“Christians should get as good a grasp on question about transgender as we can, whether or not we have transgender friends.”

But it does put the onus on Christians to at least get as good a grasp on things as we can, whether or not we actually have personal contact or connection with transgender friends. And one of the things it is good to do if a person really wants to understand these issues better and they have never ever spoken to a transgender person is to make contact with people or ask a friend of a friend and say, “I would just like to sit down and hear your story and understand what it is like to be you and how you go to where you got to and just to listen.” That itself can be a useful thing to do, not as a way of changing your view.

Sadly this is one of the ways that, again, Christians can be silenced or have our sort of views muzzled is by people asking, “Who are you to deny my story?” Or, “If you would listen to my story, then you will back off.” Well, no, we need to listen to the stories, but we need to make sense of those stories in the light of Scripture and, where appropriate, respond.

Tough love. And with tough love, you bring a very warm pastoral tone whenever you talk about this issue, as listeners can tell in this conversation. This is true in your lectures, too. I want to commend you for that.

Well, thank you.

Certainly. Tone is huge because Christians engage in, what seems to be, two directions. So keep talking about this. How do we Christians winsomely confront the prophets of transgender revolution in our culture (in the political realm), while not alienating those who are more quietly wrestling with transgender impulses and loving them pastorally? How do we pull it off?

Yes, this is one of the challenges. Because we are not dealing with a sort of one-size-fits-all situation. We have on the one hand advocates, activists, ideologues, experimenters who are really determined to reconstruct society and deconstruct gender and destroy the concept of a gender binary, and that is a dangerous ideology. It is already reaping havoc in western society. And so, that does need to be challenged. It does need to be opposed.

Of course, anything we challenge or oppose we need to do that, as Paul says, with graciousness and seasoned with salt (Colossians 4:6) and, as Peter says, with gentleness and respect (1 Peter 3:15). And so, we need to engage with civility and we need to know what we are talking about. We need to be careful we don’t overstate and overreach. We need to be on top of facts and figures, if we are going to engage meaningfully and helpfully. So, there is a whole manner of engagement there. But we need to engage.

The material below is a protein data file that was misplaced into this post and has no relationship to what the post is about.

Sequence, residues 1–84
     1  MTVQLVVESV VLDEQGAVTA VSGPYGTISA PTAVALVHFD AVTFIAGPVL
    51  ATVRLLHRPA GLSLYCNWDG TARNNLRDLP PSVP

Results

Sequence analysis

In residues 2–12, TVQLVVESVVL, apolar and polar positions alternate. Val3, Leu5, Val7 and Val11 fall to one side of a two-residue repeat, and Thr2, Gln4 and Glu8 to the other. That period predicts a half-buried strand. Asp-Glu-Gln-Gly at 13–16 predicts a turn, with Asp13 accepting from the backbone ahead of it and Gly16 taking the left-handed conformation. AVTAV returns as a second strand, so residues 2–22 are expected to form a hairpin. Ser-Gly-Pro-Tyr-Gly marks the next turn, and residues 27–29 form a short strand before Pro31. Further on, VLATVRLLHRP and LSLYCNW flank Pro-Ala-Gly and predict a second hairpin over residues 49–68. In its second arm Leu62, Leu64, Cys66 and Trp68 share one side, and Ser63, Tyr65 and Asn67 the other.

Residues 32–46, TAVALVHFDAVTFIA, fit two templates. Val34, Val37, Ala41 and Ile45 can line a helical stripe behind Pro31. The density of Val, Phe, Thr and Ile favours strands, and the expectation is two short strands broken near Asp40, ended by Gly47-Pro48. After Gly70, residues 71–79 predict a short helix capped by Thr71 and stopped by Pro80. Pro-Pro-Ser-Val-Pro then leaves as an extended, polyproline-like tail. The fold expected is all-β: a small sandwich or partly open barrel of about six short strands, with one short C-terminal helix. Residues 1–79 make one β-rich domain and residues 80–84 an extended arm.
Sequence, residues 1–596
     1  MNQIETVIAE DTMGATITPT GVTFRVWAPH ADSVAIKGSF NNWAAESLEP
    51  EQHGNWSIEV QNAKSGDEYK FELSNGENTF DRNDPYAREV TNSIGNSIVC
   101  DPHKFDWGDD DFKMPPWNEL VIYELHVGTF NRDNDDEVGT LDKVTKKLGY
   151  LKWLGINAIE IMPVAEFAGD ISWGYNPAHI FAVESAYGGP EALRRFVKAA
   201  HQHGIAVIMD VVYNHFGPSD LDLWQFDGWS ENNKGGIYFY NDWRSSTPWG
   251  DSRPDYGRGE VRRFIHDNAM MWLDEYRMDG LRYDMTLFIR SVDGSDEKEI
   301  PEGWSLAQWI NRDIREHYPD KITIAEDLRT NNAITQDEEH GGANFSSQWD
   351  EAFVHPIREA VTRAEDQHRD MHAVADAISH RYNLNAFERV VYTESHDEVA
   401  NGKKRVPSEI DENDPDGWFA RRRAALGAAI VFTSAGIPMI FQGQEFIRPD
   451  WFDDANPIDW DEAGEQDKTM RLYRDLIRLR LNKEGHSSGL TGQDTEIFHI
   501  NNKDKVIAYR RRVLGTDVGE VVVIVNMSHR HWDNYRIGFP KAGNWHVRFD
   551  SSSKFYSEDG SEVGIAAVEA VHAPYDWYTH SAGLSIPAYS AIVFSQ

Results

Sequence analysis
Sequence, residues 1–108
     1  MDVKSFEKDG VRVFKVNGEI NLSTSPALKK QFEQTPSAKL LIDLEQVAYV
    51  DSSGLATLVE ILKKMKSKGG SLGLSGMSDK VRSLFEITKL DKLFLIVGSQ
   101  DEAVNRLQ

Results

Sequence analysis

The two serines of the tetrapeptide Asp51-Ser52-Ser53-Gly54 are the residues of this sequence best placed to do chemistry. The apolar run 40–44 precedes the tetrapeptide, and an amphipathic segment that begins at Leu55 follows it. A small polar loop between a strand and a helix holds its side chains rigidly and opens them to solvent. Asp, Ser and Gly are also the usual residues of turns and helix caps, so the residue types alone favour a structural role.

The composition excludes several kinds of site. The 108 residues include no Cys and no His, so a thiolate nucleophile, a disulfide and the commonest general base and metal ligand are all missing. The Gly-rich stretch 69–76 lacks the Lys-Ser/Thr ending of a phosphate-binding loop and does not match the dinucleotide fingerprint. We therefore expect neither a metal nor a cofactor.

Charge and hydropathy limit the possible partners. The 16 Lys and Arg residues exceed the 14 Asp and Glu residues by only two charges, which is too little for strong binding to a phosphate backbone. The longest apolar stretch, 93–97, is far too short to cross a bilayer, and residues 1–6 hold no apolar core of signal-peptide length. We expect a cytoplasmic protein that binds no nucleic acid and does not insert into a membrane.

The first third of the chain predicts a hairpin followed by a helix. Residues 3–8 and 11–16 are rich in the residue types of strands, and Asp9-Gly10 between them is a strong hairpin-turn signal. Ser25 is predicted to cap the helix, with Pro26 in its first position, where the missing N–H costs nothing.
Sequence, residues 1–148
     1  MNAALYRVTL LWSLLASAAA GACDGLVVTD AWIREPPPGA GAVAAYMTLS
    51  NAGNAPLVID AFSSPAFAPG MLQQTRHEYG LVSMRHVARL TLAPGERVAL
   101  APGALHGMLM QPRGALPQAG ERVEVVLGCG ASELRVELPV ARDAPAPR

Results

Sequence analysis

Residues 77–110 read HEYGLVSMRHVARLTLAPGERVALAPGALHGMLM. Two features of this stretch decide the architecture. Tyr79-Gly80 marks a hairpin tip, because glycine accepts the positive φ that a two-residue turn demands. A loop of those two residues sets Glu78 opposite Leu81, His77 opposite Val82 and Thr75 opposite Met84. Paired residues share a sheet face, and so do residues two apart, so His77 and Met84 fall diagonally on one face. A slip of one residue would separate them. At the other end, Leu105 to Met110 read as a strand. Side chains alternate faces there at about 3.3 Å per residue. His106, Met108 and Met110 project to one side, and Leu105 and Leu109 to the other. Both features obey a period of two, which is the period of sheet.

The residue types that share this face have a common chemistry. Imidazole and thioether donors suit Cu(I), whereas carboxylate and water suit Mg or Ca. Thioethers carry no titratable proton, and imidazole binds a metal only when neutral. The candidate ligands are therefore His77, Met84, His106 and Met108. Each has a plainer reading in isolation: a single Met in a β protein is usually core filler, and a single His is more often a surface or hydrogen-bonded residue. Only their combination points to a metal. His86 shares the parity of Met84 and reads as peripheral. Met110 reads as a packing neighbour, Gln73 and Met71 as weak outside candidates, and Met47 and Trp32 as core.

“Anything we challenge or oppose we need to do so with graciousness, gentleness, and respect.”

On the other hand, of course, you have the pastoral context that you mentioned — people who are genuine sufferers with whom we are trying to build relationships and provide love and care and support and what have you. And so, yes, juggling those two things is not always easy.

This perhaps will give you a little personal insight. But sometimes when my wife and I have spoken publicly on these issues in a certain forum and we have wondered whether people we are talking to personally might become aware of that lecture or even listen to it, we have sort of given them a heads up on that and said, “Look, we just want you to know we are going to be speaking about these issues,” just so there is no surprise there.

Suppose a pastor decides to preach on this. If he has got somebody he knows in the congregation with him who he is already in conversation and who is struggling with gender dysphoria, it would be very right and appropriate to go to him beforehand and say, “Listen, I am going to be preaching about this on Sunday. This is not a way of getting at you. It is not my way of trying to say things to you that I am too afraid to say to you face-to-face. This is for the benefit of the congregation. And so, I just want you to know that up front.”

“Our political engagement and our pastoral practice can’t be two completely separate things.”

Again, there are ways of managing that tension between what some maybe see as harder things in a public sphere and softer things in a private context. But at the end of the day the truth is the truth and our message is the same. Our political engagement and our pastoral practice can’t be two completely separate things. It is the same understanding that is generating both. It is the common love of neighbor that is generating both. It is a concern for individuals and society that is generating that. So, I think you can juggle those but, yes, I think we have just got to work with that tension.

is a theologian who lectures in systematic theology and ethics at Sydney Missionary and Bible College in Australia, and serves as an honorary assistant minister at St. Andrew’s Anglican Cathedral in Sydney. Rob is married to Claire, and they have an adult son, Nathanael.